Offer health care reform we can afford
Author: Rick Berman
Publication Date: October 2009
Newspaper: Times of Northwest Indiana
Topics: Health Care
The national debate over health care reform has ground to a halt, with both sides deadlocked over the scale and expense of potential government intervention. Tempers on both sides have run high, and in some cases disagreements over matters of policy have turned into confrontation and even violence.
In the midst of this unrest, however, we can all agree on at least a few things: too many uninsured Americans are forced into bankruptcy by accidents and diseases; too many Americans are unable to purchase individual coverage because of pre-existing conditions; too many children are unfairly denied health care because their parents choose not to pay for insurance or sign up for government coverage; and the cost of health care is rising unsustainably.
The solutions to these problems don’t require trillions in taxpayer spending, nor do they require massive new bureaucracies making life or death decisions.
First, every American should be required to purchase catastrophic health insurance. We all get sick, so we should all have to pay our share of the cost. That doesn’t mean everyone would have to pay for gold-plated insurance; catastrophic care policies generally cost a fraction as much as regular plans, but they cover the prohibitively expensive costs of things like surgery, chemotherapy, or long-term hospitalization. Those who could not afford even that level of coverage would be eligible for government assistance. Since Medicaid already provides coverage for many of the poorest Americans, this subsidy would be relatively inexpensive overall.
Second, anyone denied individual private coverage due to a pre-existing condition should be allowed to buy into a catastrophic coverage Medicare plan.
Medicare has its flaws, but if we are going to put more Americans into a government-administered health insurer, we don’t need to create a new one.
About two-thirds of Americans receive their health coverage through their employer, and for them the current system works well. But calls to force all employers to pay for health insurance are misguided: not every company has a profit margin that can afford to pay those costs. A payment mandate would often cause more unemployment (increasing the number of uninsured). Instead, we should mandate that all employers offer access to a group plan, without having to pay their employees’ premiums. That would let workers pool their risks without driving struggling businesses into bankruptcy.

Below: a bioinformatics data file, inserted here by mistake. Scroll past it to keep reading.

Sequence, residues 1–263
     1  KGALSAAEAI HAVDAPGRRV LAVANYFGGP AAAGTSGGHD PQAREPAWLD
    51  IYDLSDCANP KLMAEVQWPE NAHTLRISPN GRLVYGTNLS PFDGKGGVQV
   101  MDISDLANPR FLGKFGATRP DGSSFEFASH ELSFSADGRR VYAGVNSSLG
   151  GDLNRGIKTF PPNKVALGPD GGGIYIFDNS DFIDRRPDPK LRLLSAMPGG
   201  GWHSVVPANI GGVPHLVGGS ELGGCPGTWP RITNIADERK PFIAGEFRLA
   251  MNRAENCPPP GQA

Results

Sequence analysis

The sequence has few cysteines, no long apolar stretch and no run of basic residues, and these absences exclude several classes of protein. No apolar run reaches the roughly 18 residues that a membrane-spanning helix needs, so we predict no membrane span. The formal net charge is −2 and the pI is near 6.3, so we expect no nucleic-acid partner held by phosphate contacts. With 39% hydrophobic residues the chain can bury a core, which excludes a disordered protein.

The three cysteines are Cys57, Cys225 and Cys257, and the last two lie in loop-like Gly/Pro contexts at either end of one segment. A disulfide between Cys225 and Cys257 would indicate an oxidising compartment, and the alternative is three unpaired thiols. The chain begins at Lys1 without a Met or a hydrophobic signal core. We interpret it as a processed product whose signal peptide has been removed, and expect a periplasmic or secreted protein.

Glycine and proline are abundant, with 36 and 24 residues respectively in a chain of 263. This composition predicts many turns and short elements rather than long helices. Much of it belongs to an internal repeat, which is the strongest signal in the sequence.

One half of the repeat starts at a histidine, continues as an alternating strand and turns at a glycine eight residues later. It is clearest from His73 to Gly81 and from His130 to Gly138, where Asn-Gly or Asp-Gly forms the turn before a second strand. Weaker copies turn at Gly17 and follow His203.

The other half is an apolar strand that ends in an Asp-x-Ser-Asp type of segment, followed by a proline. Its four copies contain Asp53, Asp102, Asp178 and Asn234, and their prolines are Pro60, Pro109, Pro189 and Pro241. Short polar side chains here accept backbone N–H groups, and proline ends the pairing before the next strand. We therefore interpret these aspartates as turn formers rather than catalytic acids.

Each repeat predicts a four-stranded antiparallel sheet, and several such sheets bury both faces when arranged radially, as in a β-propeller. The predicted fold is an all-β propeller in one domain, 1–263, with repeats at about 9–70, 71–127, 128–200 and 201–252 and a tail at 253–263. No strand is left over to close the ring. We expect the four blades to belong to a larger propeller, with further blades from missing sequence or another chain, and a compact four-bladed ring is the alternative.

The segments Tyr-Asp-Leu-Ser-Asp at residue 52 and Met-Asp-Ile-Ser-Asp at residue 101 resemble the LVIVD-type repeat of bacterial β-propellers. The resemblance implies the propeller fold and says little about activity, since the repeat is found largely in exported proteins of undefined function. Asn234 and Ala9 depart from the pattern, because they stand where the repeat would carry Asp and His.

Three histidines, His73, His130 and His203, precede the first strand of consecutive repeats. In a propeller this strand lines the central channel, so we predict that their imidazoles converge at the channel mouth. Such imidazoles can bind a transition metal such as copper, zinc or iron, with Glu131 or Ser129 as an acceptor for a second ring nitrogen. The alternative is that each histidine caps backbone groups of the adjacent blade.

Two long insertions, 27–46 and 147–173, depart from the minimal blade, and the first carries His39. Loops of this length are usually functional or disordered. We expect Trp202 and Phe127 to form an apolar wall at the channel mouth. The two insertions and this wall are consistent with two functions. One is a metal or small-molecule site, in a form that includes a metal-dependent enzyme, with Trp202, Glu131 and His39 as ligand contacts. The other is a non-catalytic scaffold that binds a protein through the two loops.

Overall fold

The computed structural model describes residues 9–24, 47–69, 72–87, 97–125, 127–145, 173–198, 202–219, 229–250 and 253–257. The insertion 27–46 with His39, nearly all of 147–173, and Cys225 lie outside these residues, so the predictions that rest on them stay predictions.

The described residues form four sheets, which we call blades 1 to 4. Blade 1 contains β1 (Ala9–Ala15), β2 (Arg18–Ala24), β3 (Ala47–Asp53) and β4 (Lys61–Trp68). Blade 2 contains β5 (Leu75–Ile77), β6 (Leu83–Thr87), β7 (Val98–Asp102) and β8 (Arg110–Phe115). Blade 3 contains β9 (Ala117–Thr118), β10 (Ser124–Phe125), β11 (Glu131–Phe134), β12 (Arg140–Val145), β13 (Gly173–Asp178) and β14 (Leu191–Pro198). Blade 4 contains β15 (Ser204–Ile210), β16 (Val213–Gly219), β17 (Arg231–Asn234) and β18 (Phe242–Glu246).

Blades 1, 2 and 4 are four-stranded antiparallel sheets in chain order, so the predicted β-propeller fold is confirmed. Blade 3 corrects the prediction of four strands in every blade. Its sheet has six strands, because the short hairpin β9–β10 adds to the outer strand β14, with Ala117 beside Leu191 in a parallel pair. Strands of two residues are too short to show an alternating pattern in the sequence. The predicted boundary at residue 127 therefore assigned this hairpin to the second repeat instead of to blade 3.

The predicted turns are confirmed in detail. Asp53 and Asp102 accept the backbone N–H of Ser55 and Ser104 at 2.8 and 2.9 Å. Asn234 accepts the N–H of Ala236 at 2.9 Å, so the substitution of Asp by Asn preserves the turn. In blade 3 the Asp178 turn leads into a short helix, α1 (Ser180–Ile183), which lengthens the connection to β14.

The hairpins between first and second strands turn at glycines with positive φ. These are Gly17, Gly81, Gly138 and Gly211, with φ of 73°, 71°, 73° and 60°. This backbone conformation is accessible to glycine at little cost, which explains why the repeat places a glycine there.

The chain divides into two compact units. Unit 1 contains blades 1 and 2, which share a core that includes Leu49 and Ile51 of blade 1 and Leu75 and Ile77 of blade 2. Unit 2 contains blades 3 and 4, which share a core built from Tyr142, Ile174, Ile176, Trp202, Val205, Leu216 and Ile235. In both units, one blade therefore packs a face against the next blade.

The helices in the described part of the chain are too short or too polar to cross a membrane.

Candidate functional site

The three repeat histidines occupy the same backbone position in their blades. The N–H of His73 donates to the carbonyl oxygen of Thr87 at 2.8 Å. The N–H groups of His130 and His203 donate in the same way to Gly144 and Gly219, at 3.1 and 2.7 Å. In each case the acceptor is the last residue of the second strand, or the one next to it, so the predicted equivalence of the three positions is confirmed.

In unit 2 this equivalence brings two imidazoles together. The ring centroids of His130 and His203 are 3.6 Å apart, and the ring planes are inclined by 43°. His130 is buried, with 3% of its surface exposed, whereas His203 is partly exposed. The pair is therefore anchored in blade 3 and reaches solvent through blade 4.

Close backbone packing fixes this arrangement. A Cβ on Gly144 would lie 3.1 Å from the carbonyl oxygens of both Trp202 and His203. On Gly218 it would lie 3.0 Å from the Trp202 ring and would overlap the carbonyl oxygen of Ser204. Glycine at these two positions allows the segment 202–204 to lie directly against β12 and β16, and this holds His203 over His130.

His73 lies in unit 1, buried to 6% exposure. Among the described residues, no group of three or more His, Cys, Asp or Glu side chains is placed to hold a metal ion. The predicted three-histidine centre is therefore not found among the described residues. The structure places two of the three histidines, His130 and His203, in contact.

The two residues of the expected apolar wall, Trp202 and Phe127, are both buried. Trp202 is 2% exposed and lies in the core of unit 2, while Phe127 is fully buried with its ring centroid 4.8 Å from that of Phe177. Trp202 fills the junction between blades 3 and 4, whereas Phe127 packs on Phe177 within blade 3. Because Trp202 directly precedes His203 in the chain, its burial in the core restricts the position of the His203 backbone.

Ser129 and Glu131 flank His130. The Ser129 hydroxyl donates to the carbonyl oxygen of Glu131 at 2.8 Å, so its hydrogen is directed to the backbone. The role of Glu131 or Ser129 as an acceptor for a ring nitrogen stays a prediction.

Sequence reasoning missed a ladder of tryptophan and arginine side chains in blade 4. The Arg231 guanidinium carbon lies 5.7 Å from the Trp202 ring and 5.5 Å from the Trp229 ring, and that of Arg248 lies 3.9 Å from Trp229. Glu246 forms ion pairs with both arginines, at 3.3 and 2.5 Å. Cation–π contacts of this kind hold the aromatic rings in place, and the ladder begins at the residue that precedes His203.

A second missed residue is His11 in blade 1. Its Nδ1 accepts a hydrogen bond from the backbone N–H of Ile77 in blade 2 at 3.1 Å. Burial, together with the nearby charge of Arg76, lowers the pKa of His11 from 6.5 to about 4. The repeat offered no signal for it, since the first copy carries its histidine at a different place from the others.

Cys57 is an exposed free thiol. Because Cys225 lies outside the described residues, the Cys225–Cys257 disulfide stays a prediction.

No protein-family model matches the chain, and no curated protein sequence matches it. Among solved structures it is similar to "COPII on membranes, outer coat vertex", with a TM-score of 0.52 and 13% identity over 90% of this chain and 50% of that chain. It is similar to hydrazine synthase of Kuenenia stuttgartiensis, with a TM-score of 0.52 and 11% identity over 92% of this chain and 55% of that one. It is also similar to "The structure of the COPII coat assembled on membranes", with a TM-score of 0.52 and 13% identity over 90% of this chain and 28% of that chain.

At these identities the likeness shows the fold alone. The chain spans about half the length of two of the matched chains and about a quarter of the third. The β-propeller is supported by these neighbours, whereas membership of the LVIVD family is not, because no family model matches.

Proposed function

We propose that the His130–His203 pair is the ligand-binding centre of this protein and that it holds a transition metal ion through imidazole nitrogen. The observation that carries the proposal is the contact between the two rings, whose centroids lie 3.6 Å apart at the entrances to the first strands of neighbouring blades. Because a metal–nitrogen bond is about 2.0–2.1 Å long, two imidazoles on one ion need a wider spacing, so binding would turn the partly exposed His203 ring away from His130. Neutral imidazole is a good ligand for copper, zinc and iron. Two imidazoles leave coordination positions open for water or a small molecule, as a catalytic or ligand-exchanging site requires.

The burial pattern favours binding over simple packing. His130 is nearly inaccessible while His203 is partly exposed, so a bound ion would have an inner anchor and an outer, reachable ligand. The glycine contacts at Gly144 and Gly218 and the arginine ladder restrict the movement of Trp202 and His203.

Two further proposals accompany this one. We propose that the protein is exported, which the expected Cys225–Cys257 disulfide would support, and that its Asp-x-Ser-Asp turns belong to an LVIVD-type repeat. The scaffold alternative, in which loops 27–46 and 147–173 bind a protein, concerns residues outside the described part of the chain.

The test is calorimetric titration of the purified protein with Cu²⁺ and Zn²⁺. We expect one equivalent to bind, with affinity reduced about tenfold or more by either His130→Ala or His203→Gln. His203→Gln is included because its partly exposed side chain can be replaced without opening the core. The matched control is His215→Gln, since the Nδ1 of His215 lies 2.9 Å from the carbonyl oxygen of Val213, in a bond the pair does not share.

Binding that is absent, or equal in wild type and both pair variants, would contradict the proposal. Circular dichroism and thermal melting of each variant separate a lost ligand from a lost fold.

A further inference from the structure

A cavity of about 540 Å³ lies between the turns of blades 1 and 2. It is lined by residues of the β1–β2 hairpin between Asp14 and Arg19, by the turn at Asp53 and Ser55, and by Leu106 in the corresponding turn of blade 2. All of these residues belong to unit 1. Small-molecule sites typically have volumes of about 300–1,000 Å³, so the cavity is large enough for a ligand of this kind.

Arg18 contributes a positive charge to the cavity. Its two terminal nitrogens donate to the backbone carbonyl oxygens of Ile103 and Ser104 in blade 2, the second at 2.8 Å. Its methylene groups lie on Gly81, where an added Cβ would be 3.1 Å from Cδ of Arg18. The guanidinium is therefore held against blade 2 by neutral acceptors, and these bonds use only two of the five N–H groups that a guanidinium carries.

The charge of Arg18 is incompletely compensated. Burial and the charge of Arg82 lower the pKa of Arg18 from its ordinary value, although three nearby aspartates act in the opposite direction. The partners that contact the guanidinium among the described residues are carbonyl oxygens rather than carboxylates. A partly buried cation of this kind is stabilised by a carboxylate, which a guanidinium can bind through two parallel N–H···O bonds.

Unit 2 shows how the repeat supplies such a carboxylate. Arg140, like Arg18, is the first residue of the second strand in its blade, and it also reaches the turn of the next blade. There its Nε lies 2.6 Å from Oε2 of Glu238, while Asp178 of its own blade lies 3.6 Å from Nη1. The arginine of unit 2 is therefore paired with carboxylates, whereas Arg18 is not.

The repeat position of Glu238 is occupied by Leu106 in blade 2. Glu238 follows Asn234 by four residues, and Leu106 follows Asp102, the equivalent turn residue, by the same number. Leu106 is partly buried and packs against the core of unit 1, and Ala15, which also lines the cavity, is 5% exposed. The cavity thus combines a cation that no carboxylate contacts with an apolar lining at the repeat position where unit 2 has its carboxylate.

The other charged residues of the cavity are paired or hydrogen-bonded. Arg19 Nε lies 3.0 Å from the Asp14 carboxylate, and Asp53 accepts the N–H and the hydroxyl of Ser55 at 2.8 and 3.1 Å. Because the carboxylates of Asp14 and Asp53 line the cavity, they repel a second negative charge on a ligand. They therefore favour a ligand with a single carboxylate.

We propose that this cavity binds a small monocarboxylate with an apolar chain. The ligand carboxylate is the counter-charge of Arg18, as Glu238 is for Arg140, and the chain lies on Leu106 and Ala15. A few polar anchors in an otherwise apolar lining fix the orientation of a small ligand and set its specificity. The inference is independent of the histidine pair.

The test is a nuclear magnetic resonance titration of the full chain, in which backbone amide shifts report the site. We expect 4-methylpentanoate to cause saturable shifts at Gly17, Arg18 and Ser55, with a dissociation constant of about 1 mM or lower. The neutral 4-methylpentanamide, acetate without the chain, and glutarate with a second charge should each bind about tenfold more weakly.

To lower costs for individuals, a key first step is to allow people to purchase insurance across state lines. Today, some states only allow insurance that covers virtually any procedure, from acupuncture to baldness cures. That drives up costs for people who just want coverage for actual medical necessities. By allowing people to buy insurance from any state they wish, just as they can shop for cars or mortgages, we can expand choices and lower costs.
It’s deeply unfair for a child to go without health care just because his or her parents would rather spend the insurance money on a new iPod. We can end that unfairness by requiring all parents to provide coverage for their children, either through a group plan or via existing programs like sCHIP and Medicaid.
Our public Medicare and Medicaid costs are unsustainable; the most recent estimates say Medicare will run out of money in less than a decade. A problem of that magnitude doesn’t have an easy solution, but we can begin by eliminating the $60 billion in fraudulent claims paid every year. Experience shows that every $1 spent fighting Medicare fraud will end up saving $10. That’s quite a bargain. With a little preventative spending, we can avoid repeating the mistakes of the past decade, like the 92,000 deceased doctors Medicare has paid for imaginary services.
These changes won’t solve every health care problem overnight, but they represent real progress — progress that doesn’t involve record-breaking tax hikes and crippling budget deficits. These are reforms that we can afford, and reforms that will work.
Rick Berman is Executive Director of the Employment Policies Institute, a nonprofit research organization dedicated to studying public policy issues surrounding entry-level employment. The opinion expressed in this column is the writer’s and not necessarily that of The Times.